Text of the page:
As understudy to Prost at Williams in 1993, Hill was set to perform the same role again in 1994 as Ayrton Senna replaced the Frenchman. Tragically though, Senna was killed after crashing out of the lead at Imola, and the still inexperienced Hill was thrust into the role of team leader. He adapted admirably, and with only one point between him and Schumacher heading into the last race of the season, the winner in Australia would take the title.
Schumacher took the lead when the lights went out, but a mistake half-way through the race gave Hill the chance to overtake. The pair collided and although Schumacher was sent spearing off into a tyre wall, Hill was left with suspension damage that forced him out too, and his shot at glory was gone. It was deemed a racing incident by the stewards.
Schumacher and Hill would finish first and second in the standings again a year later, albeit with a much bigger gap between them, and it wasn’t until 1996 - Schumi’s first year with Ferrari - that Hill finally prevailed and left a certain commentator with a lump in his throat.
Hamilton vs Alonso
Of all the F1 rivalries, the one between Lewis Hamilton and Fernando Alonso was by far the most expensive. Hamilton arrived as a rookie at McLaren in 2007 and was joined by Alonso - then the reigning world champion - following the Spaniard’s switch from Renault. And having established himself as the best driver in the world, Alonso was under the impression that he’d be the undisputed lead driver at his new team as he chased a third world championship in a row.
Er, not so. The 22-year-old Hamilton was right on Alonso’s pace immediately, finishing on the podium in his first nine races to take the lead of the championship. Neither driver would yield to the other on track, which led to an ugly incident between the pair in qualifying at the Hungarian Grand Prix as Alonso blocked his teammate in the pits after Hamilton had ignored team orders.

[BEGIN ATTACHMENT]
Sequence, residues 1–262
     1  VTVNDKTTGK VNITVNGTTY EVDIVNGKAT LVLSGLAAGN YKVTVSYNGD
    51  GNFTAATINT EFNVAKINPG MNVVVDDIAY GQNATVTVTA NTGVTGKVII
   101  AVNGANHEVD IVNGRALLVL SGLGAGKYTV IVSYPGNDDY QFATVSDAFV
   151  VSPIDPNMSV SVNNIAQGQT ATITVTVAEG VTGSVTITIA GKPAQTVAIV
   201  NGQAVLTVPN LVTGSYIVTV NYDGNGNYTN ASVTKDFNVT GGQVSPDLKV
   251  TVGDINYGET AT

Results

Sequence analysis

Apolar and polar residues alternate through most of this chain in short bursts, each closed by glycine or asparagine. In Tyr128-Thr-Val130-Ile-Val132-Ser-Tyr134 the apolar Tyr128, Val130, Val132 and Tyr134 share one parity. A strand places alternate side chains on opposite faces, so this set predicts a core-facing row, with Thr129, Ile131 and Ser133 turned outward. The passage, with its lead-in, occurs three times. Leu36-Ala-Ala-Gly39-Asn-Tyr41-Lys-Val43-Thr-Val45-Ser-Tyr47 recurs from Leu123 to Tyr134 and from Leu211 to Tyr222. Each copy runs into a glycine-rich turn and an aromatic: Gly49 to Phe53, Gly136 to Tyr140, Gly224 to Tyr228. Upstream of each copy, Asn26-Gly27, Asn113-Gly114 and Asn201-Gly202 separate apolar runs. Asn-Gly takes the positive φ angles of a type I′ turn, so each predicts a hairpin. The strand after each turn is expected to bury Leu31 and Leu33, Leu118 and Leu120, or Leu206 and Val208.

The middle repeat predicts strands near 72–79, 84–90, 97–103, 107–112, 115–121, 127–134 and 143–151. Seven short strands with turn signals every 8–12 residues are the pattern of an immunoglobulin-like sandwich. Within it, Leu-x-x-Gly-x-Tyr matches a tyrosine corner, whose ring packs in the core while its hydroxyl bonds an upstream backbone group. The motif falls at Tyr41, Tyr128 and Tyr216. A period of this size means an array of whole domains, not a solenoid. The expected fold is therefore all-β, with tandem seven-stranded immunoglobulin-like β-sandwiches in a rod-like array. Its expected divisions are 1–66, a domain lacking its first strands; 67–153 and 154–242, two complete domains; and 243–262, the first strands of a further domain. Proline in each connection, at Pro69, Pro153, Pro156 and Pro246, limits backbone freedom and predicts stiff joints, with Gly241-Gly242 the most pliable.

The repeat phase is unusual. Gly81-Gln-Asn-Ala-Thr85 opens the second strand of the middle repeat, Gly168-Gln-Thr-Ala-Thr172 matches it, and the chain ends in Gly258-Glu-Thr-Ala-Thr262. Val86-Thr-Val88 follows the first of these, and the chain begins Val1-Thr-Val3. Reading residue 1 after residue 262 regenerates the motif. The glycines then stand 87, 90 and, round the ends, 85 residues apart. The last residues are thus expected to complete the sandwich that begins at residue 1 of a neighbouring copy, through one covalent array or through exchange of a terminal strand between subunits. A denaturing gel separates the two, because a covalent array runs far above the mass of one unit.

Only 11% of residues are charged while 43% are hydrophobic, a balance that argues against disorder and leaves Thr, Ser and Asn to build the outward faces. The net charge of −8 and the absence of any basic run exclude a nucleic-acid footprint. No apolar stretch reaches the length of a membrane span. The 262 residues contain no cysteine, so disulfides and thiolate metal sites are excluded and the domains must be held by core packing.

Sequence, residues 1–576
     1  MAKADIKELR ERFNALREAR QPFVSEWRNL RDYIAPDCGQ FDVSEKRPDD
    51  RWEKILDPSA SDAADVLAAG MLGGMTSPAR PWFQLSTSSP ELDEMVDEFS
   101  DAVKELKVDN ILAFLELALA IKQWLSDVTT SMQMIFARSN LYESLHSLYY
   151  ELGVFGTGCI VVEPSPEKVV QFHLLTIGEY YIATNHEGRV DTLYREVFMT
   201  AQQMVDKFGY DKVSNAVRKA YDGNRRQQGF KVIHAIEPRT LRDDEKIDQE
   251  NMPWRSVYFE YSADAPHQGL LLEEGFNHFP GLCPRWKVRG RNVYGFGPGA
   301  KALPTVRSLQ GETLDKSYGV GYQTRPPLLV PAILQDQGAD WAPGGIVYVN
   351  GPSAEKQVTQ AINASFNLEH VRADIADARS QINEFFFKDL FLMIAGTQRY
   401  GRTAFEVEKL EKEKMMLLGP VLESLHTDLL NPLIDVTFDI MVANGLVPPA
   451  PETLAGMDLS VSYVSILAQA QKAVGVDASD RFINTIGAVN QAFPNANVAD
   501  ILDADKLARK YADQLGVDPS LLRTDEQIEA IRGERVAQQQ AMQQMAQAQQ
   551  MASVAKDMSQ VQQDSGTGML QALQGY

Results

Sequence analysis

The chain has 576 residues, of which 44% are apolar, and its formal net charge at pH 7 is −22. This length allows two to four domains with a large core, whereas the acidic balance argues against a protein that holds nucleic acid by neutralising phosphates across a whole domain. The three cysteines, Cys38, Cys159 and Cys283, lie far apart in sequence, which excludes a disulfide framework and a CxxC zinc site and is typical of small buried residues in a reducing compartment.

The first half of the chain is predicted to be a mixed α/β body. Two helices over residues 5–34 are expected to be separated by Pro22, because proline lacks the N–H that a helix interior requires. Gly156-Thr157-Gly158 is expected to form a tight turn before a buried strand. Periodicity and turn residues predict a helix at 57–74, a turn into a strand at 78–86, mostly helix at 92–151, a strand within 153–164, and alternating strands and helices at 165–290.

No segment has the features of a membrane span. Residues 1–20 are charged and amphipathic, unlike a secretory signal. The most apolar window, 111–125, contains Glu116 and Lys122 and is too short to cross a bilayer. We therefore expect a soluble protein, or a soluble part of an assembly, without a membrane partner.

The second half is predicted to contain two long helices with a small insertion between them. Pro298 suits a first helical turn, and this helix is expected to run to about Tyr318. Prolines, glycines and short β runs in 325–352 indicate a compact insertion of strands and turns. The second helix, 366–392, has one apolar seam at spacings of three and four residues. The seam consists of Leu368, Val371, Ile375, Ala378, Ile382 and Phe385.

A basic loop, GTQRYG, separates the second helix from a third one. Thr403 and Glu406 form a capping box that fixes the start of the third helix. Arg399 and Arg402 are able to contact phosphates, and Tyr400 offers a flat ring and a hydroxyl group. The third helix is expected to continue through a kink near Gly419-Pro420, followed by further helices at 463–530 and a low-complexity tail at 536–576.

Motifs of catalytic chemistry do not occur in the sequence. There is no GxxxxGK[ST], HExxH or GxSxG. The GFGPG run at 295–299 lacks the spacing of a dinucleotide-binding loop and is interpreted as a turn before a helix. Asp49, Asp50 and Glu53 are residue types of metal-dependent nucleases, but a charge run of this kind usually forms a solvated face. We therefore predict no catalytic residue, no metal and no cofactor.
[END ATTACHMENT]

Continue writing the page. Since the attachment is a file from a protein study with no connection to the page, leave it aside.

This supposedly led to a huge row between Alonso and team boss Ron Dennis, in which Alonso allegedly threatened to pass potentially incriminating emails to the FIA if the team didn’t back him over Hamilton. The ‘spygate’ scandal, in which McLaren had illegally obtained technical information from Ferrari, eventually cost the team $100 million. It was also chucked out of that year's constructors’ championship. A hefty penalty indeed.Advertisement - Page continues below
Vettel vs Webber
Sebastian Vettel and Mark Webber were fierce rivals in the five seasons they raced together at Red Bull, but you wouldn’t have guessed it looking back at the record books: Vettel finished ahead of Webber in the championship in all of those years, winning 38 races in that period to the Australian’s nine.
In their early days together they couldn’t be separated, and in 2010 it was Webber who looked like the team’s best shot at the driver’s title with an 11-point deficit to Fernando Alonso with two races to go; Vettel a further 14 points behind. Webber felt the team was duty bound to throw its weight behind him, but the team kept Vettel in the game and the youngster turned things around in the final two grands prix to snatch the title by just four points.